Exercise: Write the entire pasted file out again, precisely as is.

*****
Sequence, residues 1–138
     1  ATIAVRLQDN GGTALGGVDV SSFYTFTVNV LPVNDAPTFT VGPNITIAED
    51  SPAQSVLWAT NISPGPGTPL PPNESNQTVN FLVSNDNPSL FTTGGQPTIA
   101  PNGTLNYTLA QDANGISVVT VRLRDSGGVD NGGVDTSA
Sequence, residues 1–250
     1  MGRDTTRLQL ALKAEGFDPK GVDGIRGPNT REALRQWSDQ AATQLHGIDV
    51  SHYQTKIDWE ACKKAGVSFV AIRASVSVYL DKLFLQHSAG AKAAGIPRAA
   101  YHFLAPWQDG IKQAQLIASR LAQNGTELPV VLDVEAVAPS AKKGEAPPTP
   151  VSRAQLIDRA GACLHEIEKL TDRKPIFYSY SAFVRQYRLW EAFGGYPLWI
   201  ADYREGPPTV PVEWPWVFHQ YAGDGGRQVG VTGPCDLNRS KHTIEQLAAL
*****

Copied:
Sequence, residues 1–138
     1  ATIAVRLQDN GGTALGGVDV SSFYTFTVNV LPVNDAPTFT VGPNITIAED
    51  SPAQSVLWAT NISPGPGTPL PPNESNQTVN FLVSNDNPSL FTTGGQPTIA
   101  PNGTLNYTLA QDANGISVVT VRLRDSGGVD NGGVDTSA
Sequence, residues 1–250
     1  MGRDTTRLQL ALKAEGFDPK GVDGIRGPNT REALRQWSDQ AATQLHGIDV
    51  SHYQTKIDWE ACKKAGVSFV AIRASVSVYL DKLFLQHSAG AKAAGIPRAA
   101  YHFLAPWQDG IKQAQLIASR LAQNGTELPV VLDVEAVAPS AKKGEAPPTP
   151  VSRAQLIDRA GACLHEIEKL TDRKPIFYSY SAFVRQYRLW EAFGGYPLWI
   201  ADYREGPPTV PVEWPWVFHQ YAGDGGRQVG VTGPCDLNRS KHTIEQLAAL